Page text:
Graft probe slows Chengdu down

CHINA - It used to take as little as two weeks for Singaporean Vincent Chia to get visa approvals for himself and his American staff to work in the south-western Chinese city of Chengdu.

But he had to wait almost four months after applying in April for a visa for a foreign teacher to work at ChildFirst China, a kindergarten chain which he runs as general manager of operations.

He got the visa only after he sought help from IE Singapore, a government agency that helps Singapore businesses expand overseas, Mr Chia, 43, told The Sunday Times.

"It was frustrating because we were just waiting and didn't know what was causing the hold-up. It also inconvenienced us because we had to get an expat teacher from another English school in the meantime," added Mr Chia, who has lived in Chengdu for about six years and was previously running two other businesses.

His experience reflects how an ongoing graft probe in Sichuan province has led to a more cautious and slower business environment in Chengdu, the provincial capital.

Government officials are treading more carefully amid investigations into associates of former Sichuan deputy party boss Li Chuncheng, who was sacked last December. More than 50 officials have been replaced and several prominent corporate honchos detained in the past year.

As a result, the government's nod has become harder to get as the once-dependable guanxi - or network of relationships - is not working as effectively, said several Singaporean and Chinese businessmen based in Chengdu, some of whom declined to be named, citing sensitivities.

Singaporean architect Alex Ong said land acquisition deals for some of his local clients are taking longer now. "This exerts an indirect impact on us and is giving us more of a stretch," he said.

Another Singaporean businessman said getting government officials to respond promptly to their applications or requests has become a "very painful process". It took months to get power supply running at one of his new buildings, he added.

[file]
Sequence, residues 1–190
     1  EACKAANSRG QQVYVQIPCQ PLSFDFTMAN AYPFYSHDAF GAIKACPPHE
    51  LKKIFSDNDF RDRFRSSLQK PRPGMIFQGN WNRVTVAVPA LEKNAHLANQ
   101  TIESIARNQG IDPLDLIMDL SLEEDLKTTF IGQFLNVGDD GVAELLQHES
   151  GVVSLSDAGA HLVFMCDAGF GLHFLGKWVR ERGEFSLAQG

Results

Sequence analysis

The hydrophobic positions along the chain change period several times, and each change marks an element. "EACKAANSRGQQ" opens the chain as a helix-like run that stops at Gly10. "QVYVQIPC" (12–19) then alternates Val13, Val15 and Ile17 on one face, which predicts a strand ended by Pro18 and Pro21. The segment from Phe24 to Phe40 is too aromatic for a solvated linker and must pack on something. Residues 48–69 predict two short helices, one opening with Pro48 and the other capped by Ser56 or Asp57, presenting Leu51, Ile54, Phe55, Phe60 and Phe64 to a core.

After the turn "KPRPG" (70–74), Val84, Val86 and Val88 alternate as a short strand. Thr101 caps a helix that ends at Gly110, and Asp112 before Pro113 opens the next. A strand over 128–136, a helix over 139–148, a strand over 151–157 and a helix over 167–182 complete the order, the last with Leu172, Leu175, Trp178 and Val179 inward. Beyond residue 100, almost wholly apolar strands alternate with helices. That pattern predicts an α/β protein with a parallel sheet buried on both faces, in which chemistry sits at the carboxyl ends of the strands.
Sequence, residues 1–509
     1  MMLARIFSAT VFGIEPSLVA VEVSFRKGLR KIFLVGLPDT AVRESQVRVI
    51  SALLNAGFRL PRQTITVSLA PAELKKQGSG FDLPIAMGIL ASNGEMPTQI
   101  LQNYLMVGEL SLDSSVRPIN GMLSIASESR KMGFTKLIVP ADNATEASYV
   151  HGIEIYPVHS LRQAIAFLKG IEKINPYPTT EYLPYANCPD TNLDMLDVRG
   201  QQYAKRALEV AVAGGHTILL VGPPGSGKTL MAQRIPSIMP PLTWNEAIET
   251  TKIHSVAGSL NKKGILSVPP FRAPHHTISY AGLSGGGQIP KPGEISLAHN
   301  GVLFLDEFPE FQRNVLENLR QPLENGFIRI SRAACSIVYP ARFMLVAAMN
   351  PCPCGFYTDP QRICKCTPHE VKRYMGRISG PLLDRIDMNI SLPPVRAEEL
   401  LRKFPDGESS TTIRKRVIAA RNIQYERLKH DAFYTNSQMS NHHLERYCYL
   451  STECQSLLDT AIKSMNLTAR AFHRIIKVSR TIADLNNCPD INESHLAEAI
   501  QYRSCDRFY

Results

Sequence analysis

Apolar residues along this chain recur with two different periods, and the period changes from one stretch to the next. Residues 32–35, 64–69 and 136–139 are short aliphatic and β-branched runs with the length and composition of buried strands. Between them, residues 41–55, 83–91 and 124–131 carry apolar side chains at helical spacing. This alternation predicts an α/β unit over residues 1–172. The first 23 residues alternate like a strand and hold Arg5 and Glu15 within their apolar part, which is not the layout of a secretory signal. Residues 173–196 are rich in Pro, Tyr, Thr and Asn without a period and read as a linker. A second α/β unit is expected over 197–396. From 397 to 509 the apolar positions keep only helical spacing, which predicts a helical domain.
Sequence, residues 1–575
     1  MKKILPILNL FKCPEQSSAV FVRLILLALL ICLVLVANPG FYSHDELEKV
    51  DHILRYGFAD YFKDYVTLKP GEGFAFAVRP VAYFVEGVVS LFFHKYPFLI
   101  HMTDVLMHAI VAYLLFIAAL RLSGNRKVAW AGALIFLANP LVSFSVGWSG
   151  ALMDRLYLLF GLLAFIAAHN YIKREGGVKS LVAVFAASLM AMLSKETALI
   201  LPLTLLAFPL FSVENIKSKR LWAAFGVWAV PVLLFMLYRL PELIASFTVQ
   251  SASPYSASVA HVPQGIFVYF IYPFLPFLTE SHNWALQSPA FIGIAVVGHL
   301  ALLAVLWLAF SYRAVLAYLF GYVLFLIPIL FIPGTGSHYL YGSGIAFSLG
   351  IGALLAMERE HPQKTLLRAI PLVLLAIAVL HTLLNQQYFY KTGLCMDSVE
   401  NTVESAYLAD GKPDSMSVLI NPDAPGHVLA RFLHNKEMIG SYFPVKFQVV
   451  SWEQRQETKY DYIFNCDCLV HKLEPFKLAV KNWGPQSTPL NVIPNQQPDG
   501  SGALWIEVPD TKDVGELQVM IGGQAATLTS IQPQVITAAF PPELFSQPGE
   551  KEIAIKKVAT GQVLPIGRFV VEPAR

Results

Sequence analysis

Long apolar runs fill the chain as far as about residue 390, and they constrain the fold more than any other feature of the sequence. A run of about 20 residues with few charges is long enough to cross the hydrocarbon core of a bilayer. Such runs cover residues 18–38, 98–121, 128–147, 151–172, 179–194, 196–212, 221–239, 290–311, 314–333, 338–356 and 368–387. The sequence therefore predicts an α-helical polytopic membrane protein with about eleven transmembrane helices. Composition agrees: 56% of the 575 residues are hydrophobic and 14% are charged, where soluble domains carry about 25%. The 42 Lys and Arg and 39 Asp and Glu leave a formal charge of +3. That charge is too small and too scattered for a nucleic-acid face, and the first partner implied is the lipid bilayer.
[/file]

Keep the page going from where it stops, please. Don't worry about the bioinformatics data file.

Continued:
A Chengdu businesswoman, who heads an events planning company, said officials are following the rulebook to get things done, even for the seemingly smallest things like issuing traffic entry passes at the World Chinese Entrepreneurs Convention (WCEC) held here last month.

Some, however, are hopeful that the crackdown would not derail but instead aid Chengdu's efforts to attract investors. It could even help the city regain the limelight after it was overshadowed by neighbouring Chongqing city from 2007 with the arrival of its maverick party boss Bo Xilai until his ouster last year.

Professor Huang Jing of the Lee Kuan Yew School of Public Policy said the arrests might scare off some investors in the short term but they are unlikely to slow economic growth.

"The arrests send a clear message that the corrupt business culture and the use of political privilege to gain leverage are not welcome. If I were an investor, I would be encouraged instead."

A sign of Chengdu's rising international appeal is how the city of 14 million famous for its pandas and spicy food hosted two global business forums this year: the WCEC and the Fortune Global Forum. Nearly 250 of the world's Fortune 500 companies are also based here. With about 60 international direct flights, it is an aviation hub for the western region.

Singapore Chinese Chamber of Commerce and Industry president Thomas Chua said most Singaporean businesses are not overly concerned, adding that Chengdu's antigraft sweep should be viewed positively as it means Beijing is serious about tackling corruption.

Mr Victor Foo, chief executive of IT firm Digistore Solutions, is looking to invest up to $15 million in Chengdu as labour costs here are much lower. Concerns about the Bo Xilai scandal shifted his investment focus from Chongqing to Chengdu at first, but the clincher was Chengdu's easy availability of engineers and schools that focused on research.

Mr Ong added that Chengdu is the more stable city that provides business continuity while Chongqing can be seen as the younger, more unpredictable upstart. "Chengdu can be vibrant for the next 10 years. I don't think the repercussions from the arrests are as severe as Chongqing's political upheaval," he said, citing how the city has operated smoothly despite the detentions.

Some Chinese are also confident that Chengdu is on the right track.

Mr Li Yonghui, 26, who works in a semiconductor firm after moving from north-eastern Dalian city seven years ago, has seen skyscrapers rise from empty land in the city's south.

"Compared to Beijing and Shanghai, we still have a long way to go, but if we continue to develop, I think we can get there."

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